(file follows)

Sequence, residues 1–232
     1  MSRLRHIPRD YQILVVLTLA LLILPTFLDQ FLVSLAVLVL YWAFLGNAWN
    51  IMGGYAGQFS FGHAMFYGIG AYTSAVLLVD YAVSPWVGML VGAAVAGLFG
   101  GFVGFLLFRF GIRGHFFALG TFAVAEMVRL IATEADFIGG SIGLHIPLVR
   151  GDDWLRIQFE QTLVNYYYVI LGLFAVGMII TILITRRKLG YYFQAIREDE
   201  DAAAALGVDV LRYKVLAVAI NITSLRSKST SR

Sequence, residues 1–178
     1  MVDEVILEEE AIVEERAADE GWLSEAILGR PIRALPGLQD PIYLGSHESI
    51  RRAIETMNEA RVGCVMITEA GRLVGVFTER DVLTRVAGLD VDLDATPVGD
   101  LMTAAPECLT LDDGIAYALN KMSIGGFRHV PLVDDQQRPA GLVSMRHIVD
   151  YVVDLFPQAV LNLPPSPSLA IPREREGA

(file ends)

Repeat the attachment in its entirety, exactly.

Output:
Sequence, residues 1–232
     1  MSRLRHIPRD YQILVVLTLA LLILPTFLDQ FLVSLAVLVL YWAFLGNAWN
    51  IMGGYAGQFS FGHAMFYGIG AYTSAVLLVD YAVSPWVGML VGAAVAGLFG
   101  GFVGFLLFRF GIRGHFFALG TFAVAEMVRL IATEADFIGG SIGLHIPLVR
   151  GDDWLRIQFE QTLVNYYYVI LGLFAVGMII TILITRRKLG YYFQAIREDE
   201  DAAAALGVDV LRYKVLAVAI NITSLRSKST SR

Sequence, residues 1–178
     1  MVDEVILEEE AIVEERAADE GWLSEAILGR PIRALPGLQD PIYLGSHESI
    51  RRAIETMNEA RVGCVMITEA GRLVGVFTER DVLTRVAGLD VDLDATPVGD
   101  LMTAAPECLT LDDGIAYALN KMSIGGFRHV PLVDDQQRPA GLVSMRHIVD
   151  YVVDLFPQAV LNLPPSPSLA IPREREGA